### Sparse Polynomial Arithmetic 2: Packed...

December 04 2009 by Maple

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Our first article introduced Maple's polynomial data structure and explained how Maple spends a lot of time working with monomials. To multiply polynomials having n and m terms, Maple must construct, simplify, hash, and sort all nm pairwise products to determine what monomials are equal. This work is performed even if the result has far fewer than nm terms, making it a rather inefficient way to multiply large multivariate polynomials. This article describes a new data structure for multivariate polynomials that is being added to Maple for a future release.

9xyz  -  4yz  -  6xyz  -  8x  -  5

### Sparse Polynomial Arithmetic 1: Maple's...

November 27 2009 by Maple

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This is the first in a series of short informal articles about our efforts to speed up polynomial arithmetic in Maple. We begin with an example of how polynomials are represented in Maple right now.

9xyz  -  4yz  -  6xyz  -  8x  -  5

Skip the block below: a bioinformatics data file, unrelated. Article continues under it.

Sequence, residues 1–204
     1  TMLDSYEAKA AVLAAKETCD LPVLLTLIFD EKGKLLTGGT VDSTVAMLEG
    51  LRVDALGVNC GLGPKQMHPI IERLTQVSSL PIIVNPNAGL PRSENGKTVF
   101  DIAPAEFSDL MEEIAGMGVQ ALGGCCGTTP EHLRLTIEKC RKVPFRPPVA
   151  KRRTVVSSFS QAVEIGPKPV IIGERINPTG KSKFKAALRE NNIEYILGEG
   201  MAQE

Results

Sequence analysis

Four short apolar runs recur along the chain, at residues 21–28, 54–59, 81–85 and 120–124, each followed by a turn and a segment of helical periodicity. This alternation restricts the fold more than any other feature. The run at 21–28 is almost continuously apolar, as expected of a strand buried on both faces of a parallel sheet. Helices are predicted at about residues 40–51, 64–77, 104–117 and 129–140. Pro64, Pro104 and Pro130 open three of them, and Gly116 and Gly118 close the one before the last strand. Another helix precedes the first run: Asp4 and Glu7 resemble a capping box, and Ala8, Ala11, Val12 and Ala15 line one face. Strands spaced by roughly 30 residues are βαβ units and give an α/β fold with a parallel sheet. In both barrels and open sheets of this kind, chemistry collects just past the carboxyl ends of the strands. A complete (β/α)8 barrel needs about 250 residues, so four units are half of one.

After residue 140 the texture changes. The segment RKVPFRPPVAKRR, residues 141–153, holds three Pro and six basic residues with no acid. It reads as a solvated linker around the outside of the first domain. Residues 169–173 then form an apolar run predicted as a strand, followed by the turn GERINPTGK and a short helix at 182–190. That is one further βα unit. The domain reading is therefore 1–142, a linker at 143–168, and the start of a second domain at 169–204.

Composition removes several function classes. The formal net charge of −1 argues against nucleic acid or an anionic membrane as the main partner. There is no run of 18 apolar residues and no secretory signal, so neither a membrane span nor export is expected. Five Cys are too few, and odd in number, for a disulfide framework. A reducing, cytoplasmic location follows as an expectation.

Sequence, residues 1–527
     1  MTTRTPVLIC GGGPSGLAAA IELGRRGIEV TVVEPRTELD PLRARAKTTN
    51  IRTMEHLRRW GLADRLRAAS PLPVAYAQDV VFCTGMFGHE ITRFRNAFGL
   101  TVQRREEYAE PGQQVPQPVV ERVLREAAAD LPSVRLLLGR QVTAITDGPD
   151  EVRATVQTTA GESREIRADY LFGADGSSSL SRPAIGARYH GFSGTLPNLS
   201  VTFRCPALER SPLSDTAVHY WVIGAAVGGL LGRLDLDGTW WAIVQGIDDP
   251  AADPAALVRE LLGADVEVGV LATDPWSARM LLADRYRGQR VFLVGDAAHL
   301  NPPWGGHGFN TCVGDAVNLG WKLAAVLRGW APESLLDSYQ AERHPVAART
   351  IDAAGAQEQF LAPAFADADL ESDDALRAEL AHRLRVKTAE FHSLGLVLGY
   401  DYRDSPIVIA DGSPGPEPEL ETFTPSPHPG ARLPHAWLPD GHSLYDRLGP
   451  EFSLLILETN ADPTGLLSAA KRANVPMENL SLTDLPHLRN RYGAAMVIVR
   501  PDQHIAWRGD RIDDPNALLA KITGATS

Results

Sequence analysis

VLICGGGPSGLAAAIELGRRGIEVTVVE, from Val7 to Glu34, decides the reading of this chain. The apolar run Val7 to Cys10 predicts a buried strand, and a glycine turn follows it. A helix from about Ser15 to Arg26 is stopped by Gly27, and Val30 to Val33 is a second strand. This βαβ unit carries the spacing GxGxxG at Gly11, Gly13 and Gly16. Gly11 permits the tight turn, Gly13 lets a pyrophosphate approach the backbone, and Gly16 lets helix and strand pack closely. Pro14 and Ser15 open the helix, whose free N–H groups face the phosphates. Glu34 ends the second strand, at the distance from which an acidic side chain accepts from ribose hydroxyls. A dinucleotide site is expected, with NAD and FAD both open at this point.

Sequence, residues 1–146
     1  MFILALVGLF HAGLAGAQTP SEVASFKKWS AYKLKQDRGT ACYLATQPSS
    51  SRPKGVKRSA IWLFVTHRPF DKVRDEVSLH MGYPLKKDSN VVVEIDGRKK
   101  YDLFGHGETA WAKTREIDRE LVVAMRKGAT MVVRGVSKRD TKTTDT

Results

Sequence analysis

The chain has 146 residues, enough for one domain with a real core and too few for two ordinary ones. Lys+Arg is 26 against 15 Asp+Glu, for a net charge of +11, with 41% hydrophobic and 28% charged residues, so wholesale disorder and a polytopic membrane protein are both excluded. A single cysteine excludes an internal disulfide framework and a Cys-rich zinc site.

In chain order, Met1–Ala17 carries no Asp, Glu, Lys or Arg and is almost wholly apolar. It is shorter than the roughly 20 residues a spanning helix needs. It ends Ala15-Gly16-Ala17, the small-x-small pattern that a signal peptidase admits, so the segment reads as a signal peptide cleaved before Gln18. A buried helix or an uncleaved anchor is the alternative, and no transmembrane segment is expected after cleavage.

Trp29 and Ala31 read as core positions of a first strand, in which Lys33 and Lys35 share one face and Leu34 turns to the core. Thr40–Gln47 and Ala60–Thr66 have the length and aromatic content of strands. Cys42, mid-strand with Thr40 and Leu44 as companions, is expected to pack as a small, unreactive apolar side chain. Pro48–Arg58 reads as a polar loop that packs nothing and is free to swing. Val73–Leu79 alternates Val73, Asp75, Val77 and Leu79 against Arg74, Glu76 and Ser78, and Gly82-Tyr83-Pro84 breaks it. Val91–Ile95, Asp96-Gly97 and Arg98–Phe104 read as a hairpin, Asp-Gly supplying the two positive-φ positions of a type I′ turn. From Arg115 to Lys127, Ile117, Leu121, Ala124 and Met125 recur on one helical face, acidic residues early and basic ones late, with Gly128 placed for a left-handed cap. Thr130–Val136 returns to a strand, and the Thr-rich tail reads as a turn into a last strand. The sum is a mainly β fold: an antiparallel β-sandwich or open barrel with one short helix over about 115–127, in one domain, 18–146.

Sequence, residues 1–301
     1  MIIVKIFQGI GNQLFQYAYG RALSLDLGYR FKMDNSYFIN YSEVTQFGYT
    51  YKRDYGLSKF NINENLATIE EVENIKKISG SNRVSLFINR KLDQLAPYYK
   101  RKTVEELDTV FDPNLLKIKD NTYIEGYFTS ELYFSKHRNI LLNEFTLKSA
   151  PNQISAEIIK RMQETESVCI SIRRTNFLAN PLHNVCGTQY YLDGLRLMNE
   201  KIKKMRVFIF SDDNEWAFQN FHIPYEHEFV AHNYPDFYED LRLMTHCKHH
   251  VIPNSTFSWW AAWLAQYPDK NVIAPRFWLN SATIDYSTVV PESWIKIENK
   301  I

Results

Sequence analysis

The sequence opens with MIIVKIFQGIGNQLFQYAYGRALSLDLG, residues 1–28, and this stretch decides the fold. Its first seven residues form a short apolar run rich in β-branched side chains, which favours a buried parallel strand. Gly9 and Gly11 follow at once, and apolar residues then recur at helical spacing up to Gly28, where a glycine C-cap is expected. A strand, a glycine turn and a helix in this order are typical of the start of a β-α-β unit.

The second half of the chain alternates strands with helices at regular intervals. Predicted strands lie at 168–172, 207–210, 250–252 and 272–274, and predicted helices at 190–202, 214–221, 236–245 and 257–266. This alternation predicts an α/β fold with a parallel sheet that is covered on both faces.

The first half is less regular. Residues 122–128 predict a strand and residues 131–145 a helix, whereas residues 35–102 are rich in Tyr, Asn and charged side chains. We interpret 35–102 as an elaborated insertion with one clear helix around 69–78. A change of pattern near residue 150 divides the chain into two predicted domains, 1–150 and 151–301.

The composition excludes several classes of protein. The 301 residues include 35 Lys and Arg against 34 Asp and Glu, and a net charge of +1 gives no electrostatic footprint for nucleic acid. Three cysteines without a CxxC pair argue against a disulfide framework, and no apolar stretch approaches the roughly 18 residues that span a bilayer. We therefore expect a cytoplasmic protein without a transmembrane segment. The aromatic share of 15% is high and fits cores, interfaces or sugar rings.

When you enter a polynomial in Maple, it creates a generic data structure like the one above. In Maple's representation this polynomial is a sum of terms that is 11 words of memory long where each word is either 32 or 64 bits. For each term it stores a pointer to a monomial followed by a coefficient.

### Making a dash for it

November 19 2009 by Maple

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An attempt at question 2 of the xkcd Velociraptor Math problem (mentioned on this blog post). The parameters and events facilities of

### Classic on XP64

November 19 2009 by Maple

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There is no released Classic interface to accompany the 64 bit version of Maple (12, 13) for the 64 bit Windows XP64 operating system. Personally, I prefer running the Standard over the Classic interface, although sometimes I miss common subexpression display for lengthy symbolic output.

The Maple Classic interface appears to talk to the Maple kernel only over a socket (or similar), and the...

### % in a proc

September 19 2009 by Maple

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Could there be a useful performance gain if Maple were changed so that %, %%, and %%% did not function inside a procedure (proc) body?

Should one ever use % in a procedure? Would using it just be obfuscation where none is needed, or could it serve a special purpose?

While on this topic, how good or bad would it be to use a Standard GUI equation label inside the body of a proc that was entered in 2D Math?